Rugby: Money makes Miller a Japan man

Paul Miller at Hancock Park yesterday. Photo by Gerard O'Brien.
Paul Miller at Hancock Park yesterday. Photo by Gerard O'Brien.
As a player, Paul Miller is straight and direct. It is the same when he talks about why he plies is trade in Japan.

The former All Black and Highlanders No 8 has been back in Dunedin for the past couple of months resting up, enjoying a bit of down time with his family and helping out at his old club, Pirates.

But next month he heads back to Japan for his fourth season with the Kurita Water Industries team based in Sagamihara, just south of Tokyo.

Miller (31) is signed on for another two years with a side that plays a division down from the top league.

"To be honest, I'm over there as it is a faster way to save for my retirement," Miller said.

"I'm probably earning over there three to four times what I could get here. People can dress it up about the culture and the lifestyle, but the biggest thing is about the money."

Miller said he did enjoy the lifestyle, and his family - wife Bronwyn and children Mya (6) and Max (20 months) - now lived in a house instead of an apartment, as they had when they first arrived in 2006.

"It is pretty much a luxury to have a house, so we are lucky. That makes life a lot easier. The Japanese people are nice and polite and make you feel welcome. The language barrier is probably the biggest difficulty."

He said he had talked to Highlanders coach Glenn Moore last year about coming back to play rugby in New Zealand but Moore had not got back to him.

"But that doesn't worry me. I'm quite happy where I am now. I'm not ready to come back yet."

Miller is part of a big group of New Zealanders playing in Japan, and he says everyone keeps in touch.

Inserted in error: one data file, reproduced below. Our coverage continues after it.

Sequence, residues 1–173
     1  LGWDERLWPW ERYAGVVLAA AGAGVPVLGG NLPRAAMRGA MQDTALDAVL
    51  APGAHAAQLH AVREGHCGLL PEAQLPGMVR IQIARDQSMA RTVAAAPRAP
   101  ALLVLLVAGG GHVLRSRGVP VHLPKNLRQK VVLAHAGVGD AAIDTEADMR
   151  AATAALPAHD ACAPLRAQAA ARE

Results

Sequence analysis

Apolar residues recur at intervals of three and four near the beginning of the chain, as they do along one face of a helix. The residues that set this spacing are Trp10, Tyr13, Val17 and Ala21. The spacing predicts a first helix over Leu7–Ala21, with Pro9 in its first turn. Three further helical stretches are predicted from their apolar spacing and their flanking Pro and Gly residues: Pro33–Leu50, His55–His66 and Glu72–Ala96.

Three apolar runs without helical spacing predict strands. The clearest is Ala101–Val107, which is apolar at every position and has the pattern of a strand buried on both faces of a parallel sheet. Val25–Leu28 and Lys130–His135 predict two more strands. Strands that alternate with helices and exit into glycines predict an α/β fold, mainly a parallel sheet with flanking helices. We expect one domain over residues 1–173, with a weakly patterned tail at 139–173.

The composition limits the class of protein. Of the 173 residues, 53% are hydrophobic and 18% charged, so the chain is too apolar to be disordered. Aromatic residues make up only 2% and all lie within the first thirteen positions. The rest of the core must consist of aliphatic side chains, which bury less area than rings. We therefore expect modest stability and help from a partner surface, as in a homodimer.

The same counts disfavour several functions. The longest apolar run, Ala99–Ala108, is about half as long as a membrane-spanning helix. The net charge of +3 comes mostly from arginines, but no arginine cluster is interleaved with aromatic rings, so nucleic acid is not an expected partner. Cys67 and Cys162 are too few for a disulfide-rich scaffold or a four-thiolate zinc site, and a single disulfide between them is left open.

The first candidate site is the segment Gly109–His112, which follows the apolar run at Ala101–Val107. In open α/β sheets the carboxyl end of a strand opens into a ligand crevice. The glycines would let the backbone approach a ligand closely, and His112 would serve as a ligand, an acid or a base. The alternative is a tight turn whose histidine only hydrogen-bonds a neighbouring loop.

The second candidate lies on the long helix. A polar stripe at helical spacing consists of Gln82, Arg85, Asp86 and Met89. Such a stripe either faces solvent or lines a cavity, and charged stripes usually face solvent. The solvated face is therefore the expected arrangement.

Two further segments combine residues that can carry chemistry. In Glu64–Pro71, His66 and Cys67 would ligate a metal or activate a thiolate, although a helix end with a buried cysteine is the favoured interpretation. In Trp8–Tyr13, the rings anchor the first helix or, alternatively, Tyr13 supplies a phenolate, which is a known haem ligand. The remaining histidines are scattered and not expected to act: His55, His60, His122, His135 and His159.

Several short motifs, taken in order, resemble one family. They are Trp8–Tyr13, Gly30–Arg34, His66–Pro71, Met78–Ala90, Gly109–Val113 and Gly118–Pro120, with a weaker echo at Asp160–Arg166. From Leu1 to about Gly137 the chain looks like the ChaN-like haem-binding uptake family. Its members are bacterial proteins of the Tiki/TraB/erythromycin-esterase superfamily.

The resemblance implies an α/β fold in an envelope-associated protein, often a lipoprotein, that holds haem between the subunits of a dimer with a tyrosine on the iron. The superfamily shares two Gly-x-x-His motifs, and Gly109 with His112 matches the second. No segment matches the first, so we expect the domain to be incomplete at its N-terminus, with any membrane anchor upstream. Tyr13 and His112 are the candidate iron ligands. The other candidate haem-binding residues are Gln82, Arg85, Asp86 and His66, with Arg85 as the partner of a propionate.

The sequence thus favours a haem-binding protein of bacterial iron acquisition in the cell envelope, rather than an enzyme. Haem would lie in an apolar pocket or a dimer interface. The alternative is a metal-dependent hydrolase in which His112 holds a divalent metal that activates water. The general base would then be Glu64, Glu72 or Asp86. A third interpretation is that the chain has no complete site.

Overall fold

He lives not far from where the Mitsubishi factory team is based, where former All Black Troy Flavell played, while former Otago lock and trainer Brendon Timmins is now the Mitsubishi side's trainer.

Miller was pleased with his game and he had suffered no injuries while in Japan.

"I think I've got a bit fitter and a bit wiser. It's probably not quite as physical as over here. You're not going up against big 115kg guys every week, so that makes it a bit easier on the body."

Miller, who made two appearances for the All Blacks on tour in 2001, said the standard of play in the division his side was in was probably similar to the Air New Zealand Cup.

Former sevens star Craig de Goldi played in his team, as did former Southland back Phil Dawson.

The side was limited to playing two foreign-based players.

Miller said Japanese teams wanted foreigners who were big loose forwards or talented inside backs, but the Japanese players were getting more skilful and more rugby wise.

Miller said he would be back in Dunedin when his playing days were over, keen to get back to Hancock Park and the Pirates club.

He had taken the pre-season training for the club this year and even had a run for the side in a pre-season trial on Sunday.

But he would not be donning the skull and crossbones again before he headed north, saying he could not afford to get injured.


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